Determining Eligibility

It is very important to ensure that a subject meets the protocol eligibility requirements.  To document eligibility and to help ensure you don’t miss any requirements it is a good idea to develop and use a study-specific eligibility checklist that matches the current version of the protocol.  Protocols usually have a list or chart of the eligibility requirements, which can easily be copied to a checklist. 

You should maintain a completed eligibility checklist in the research record for each subject.  The checklist should have a signature line for the person completing the checklist and another line for the person verifying eligibility (if it is not the same person completing the form). The person verifying eligibility must be properly qualified to make the eligibility assessment, be IRB-approved to conduct the research, have documented study-specific training, and have been delegated by the PI to assess eligibility per the delegation of authority log.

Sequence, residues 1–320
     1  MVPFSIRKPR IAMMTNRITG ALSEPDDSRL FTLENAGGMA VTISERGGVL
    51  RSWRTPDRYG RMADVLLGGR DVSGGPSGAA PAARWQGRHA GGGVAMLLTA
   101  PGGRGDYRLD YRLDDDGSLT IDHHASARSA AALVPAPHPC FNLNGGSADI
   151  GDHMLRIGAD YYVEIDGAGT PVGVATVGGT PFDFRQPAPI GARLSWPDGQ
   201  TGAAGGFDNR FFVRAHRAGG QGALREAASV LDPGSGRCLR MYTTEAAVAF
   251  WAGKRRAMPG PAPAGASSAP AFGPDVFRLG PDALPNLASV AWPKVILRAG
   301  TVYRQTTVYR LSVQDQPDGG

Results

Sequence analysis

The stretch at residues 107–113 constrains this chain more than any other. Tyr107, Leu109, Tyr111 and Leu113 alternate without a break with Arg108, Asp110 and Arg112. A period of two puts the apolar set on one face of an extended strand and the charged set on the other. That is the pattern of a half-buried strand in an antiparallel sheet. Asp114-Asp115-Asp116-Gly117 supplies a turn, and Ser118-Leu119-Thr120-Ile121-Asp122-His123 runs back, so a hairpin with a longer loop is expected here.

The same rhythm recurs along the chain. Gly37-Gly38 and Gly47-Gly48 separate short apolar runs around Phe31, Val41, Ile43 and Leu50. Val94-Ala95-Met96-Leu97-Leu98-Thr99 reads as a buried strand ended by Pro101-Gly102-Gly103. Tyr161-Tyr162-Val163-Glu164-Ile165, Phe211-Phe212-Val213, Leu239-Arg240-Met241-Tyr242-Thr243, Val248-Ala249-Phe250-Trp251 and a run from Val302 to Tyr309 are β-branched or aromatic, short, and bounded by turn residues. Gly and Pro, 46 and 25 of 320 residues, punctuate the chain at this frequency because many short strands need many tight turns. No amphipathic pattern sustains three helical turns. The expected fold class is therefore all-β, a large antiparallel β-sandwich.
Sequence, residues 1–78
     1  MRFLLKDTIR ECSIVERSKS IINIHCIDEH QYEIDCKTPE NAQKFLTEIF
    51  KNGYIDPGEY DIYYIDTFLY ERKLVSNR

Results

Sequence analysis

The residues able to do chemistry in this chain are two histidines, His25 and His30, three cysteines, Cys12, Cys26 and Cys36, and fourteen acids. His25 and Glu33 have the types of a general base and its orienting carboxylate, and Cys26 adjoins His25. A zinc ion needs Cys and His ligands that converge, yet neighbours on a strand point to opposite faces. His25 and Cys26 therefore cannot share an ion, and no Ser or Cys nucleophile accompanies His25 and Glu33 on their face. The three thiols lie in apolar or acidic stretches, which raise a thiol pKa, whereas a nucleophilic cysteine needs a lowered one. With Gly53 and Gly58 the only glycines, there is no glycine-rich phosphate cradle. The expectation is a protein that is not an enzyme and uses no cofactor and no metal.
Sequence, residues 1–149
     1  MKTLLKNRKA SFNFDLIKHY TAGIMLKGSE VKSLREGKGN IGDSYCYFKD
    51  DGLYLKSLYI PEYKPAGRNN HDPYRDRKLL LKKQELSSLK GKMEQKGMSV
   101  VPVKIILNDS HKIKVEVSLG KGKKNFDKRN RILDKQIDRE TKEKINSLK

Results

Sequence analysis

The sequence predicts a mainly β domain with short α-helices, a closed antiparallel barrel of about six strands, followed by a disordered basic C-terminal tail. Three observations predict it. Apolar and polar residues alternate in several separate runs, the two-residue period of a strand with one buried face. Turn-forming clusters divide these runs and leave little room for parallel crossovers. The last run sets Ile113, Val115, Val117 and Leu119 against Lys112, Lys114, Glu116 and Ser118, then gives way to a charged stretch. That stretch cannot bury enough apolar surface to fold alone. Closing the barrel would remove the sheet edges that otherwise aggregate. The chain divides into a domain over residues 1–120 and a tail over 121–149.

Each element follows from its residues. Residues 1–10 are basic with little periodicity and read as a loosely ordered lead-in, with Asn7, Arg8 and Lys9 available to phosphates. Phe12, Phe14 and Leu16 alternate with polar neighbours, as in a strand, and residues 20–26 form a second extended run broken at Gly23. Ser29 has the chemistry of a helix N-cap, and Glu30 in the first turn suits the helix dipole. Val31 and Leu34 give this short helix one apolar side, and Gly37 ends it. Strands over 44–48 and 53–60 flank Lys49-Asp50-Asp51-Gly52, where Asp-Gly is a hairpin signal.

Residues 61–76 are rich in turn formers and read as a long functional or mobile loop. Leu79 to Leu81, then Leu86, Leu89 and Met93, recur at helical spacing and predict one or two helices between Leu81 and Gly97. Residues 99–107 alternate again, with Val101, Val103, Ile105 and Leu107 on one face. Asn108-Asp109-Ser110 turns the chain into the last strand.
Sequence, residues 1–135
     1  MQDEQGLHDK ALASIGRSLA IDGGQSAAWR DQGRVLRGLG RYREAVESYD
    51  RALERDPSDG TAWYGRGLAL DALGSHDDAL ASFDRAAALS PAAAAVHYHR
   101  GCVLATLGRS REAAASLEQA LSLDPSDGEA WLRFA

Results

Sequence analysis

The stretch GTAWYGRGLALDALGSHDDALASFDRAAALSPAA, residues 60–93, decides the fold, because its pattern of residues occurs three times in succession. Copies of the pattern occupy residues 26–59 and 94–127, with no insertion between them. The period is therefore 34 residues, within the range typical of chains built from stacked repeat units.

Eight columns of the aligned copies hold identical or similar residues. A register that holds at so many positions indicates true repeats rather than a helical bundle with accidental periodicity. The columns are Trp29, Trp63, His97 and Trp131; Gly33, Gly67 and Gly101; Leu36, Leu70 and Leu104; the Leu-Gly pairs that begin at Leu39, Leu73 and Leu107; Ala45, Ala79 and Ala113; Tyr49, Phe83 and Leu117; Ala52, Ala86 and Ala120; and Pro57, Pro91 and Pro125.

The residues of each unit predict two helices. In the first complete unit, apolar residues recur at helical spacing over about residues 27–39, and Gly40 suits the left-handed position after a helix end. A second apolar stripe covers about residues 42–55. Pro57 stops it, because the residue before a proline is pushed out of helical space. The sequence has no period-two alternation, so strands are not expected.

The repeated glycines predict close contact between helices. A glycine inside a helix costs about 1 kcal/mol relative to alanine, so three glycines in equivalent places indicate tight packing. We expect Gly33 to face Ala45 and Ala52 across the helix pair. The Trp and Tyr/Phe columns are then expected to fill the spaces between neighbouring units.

Eligibility Source Documentation

Just like the rest of the research data, source documentation to support eligibility should be easy to locate in the research record. 

Maintaining Eligibility

If a subject becomes ineligible while participating in the study, consider holding the study intervention until the subject can be evaluated for safety by a qualified member of the study team.  The PI should consult with the sponsor, medical monitor, or data and safety monitoring committee to determine whether the subject should remain in the study.  If the sponsor or PI determine that the subject should no longer participate in the study, the subject must be withdrawn.

There are some situations where the subject may have to be withdrawn from the study but the subject may still be able to obtain the drug/device even though not in the trial.  If the drug or device can be obtained outside of the trial (e.g., a drug that is already FDA-approved but is being used for another indication for the clinical trial) then the PI may consider maintaining the drug/device as off-label use for the practice of medicine; if this occurs, data cannot be collected for research.